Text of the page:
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Nuclear energy: Disaster in Japan, new federal recommendations put renewed focus on key source of energy for regionnergy

by Lisa Janairo ~ MLC Annual Meeting Edition 2011 ~ Stateline Midwest
After a “methodical and systematic review” lasting nearly four months, a special task force of the U.S. Nuclear Regulatory Commission has concluded that the nation’s nuclear plants “do not pose an imminent risk to public health and safety.”

The NRC organized the task force in the aftermath of the disaster at the Fukushima nuclear plant in Japan.
The work of the task force was watched closely by state policymakers and regulators in the Midwest, home to 30 operating nuclear power plants located in eight different states. (In the 11-state Midwest, nuclear power accounts for 17 percent of electricity generation, second only to coal. Indiana, North Dakota and South Dakota are the only states in the region without nuclear plants.)

A few days after the task force released its findings, the Midwestern Legislative Conference Energy Committee discussed the safety, security and future of nuclear power with three experts, including an officer with the NRC and a representative from President Obama’s Blue Ribbon Commission on America’s Nuclear Future.

Those experts delivered a message to the region’s state legislators similar to that in the task force report: U.S. nuclear power facilities are operating safely and can continue to do so.

Despite this good news, though, the NRC task force says the lessons learned from the Fukushima accident should be used to “clarify and strengthen the regulatory framework” for ensuring protection against natural events that could cause accidents.

The task force is recommending that the NRC require plant operators to re-evaluate the seismic and flooding hazards that their reactors face, with the intention of upgrading structures and emergency-preparedness plans where needed.

If the task force’s recommendations are fully implemented, reactor operators would also be required to re-evaluate these hazards every 10 years.

One near-term requirement would be for operators to install equipment in their spent-fuel storage pools so that workers would have remote access to real-time data on conditions.

Early in the cascade of events at the Fukushima plant, technicians had reason to suspect that the spent fuel in the storage pools had become exposed to air and caught fire. This turned out to be incorrect, and the situation created a serious distraction for the workers. If the workers had been given remote access to reliable data, they could have focused their attention on trying to avert a meltdown of the reactor cores.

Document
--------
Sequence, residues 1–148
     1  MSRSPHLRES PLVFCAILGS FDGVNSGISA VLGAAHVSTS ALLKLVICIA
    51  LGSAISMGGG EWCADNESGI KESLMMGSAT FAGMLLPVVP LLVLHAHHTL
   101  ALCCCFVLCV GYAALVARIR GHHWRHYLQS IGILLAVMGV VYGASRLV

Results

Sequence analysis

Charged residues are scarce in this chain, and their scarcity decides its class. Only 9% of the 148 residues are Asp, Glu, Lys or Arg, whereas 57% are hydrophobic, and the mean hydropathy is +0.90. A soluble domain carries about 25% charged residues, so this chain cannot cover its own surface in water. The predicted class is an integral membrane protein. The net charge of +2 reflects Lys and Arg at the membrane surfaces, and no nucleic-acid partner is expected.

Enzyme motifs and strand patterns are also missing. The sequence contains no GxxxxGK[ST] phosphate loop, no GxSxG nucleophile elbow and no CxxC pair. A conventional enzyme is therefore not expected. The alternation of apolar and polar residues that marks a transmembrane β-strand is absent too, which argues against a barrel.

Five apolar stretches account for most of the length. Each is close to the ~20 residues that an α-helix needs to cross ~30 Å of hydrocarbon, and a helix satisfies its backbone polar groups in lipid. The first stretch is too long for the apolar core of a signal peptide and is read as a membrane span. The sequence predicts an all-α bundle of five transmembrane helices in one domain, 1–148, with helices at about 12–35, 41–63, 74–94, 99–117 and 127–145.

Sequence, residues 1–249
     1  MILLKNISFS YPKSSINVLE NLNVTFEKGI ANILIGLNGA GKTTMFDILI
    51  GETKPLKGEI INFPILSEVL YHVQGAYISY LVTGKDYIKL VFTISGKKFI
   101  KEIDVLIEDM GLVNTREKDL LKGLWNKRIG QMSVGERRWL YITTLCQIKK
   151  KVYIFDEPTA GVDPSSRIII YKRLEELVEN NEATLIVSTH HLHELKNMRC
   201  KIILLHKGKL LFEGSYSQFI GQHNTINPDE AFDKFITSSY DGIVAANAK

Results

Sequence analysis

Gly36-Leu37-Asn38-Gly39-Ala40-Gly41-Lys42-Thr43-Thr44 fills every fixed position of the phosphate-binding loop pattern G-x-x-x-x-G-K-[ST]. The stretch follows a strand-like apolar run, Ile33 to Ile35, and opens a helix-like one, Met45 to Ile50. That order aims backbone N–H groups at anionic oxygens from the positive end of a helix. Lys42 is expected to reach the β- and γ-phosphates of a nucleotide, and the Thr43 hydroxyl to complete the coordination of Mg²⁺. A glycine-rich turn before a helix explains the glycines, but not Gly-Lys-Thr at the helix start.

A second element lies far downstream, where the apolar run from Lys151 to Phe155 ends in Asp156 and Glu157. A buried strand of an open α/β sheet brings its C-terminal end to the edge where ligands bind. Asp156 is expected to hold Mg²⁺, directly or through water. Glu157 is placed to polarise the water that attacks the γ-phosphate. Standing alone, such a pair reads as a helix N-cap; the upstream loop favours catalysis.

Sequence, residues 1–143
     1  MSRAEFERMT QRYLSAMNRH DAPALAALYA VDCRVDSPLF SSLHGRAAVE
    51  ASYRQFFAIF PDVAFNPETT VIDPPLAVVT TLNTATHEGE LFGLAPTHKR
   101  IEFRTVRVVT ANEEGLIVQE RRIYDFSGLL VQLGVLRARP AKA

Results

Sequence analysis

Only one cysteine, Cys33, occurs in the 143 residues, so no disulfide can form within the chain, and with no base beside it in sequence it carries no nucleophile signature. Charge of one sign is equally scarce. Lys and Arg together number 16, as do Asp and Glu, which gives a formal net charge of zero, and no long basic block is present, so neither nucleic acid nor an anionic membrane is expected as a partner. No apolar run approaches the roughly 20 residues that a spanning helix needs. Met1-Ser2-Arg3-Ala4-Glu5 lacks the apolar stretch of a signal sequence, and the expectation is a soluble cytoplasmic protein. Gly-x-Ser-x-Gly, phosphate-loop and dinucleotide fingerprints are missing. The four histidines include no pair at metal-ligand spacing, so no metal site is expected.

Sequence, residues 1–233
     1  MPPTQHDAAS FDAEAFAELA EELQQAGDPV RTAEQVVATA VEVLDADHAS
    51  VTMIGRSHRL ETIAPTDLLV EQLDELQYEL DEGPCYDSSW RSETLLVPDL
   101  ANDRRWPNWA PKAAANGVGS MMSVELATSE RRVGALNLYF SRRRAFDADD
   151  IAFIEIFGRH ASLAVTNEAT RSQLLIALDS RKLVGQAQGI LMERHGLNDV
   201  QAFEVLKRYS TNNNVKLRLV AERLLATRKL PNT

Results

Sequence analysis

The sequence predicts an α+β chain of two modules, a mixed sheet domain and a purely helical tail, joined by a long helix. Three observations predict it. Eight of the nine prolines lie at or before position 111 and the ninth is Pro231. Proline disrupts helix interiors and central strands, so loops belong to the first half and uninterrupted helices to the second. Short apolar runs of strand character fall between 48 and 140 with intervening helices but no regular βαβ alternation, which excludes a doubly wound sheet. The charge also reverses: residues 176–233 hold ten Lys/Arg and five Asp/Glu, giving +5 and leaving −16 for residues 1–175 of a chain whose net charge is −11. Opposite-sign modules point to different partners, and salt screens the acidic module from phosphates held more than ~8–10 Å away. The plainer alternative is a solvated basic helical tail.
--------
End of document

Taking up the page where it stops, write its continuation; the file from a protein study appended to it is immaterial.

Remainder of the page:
NRC chairman Gregory Jaczko has pledged his support for having the full commission act on the task force’s recommendations within 90 days, with a five-year period for implementing the changes.

Along with raising new questions about the safety and operation of nuclear plants, the Fukushima accident called attention to one long-standing concern: the spent fuel lingering in storage at nuclear power plants across the country.

That problem is the result of the federal government’s inability — many decades in the making — to develop a national repository for permanently disposing of spent fuel and other highly radioactive waste. Until 2009, the U.S. Department of Energy had been planning to build the repository at Yucca Mountain in Nevada.

The Obama Administration scuttled those plans in early 2009, choosing instead to appoint a commission to identify a new national approach for the long-term management of spent fuel.

On July 29, after 18 months of study, the Blue Ribbon Commission on America’s Nuclear Future issued its draft report. The commissioners are calling for a new strategy that involves “prompt efforts” to develop one or more geologic disposal facilities as well as consolidated storage facilities.

To accomplish these tasks, the commissioners recommend establishing a new organization “dedicated solely to implementing the waste management program and empowered with the authority and resources to succeed.” The previous program had been managed by the DOE.

The commissioners advocated a new “consent-based approach” to siting facilities — encouraging communities to house a waste or storage facility, rather than establishing sites without local input.
If storage facilities are constructed, the report recommends that spent fuel from shut-down plants be “first in line” for transfer. Michigan and Wisconsin are home to two such sites, with a third plant (Zion Nuclear Power Station, in Illinois on the shore of Lake Michigan) undergoing decommissioning.

The MLC Energy Committee will continue to follow progress on any federal actions taken in the wake of the recent reports and recommendations.

On Oct. 28, a select number of legislators (including from the Energy Committee) and other state officials will be asked to participate in a public meeting in Minneapolis. At that meeting, the Blue Ribbon Commission will seek input on its proposed approach to nuclear waste management.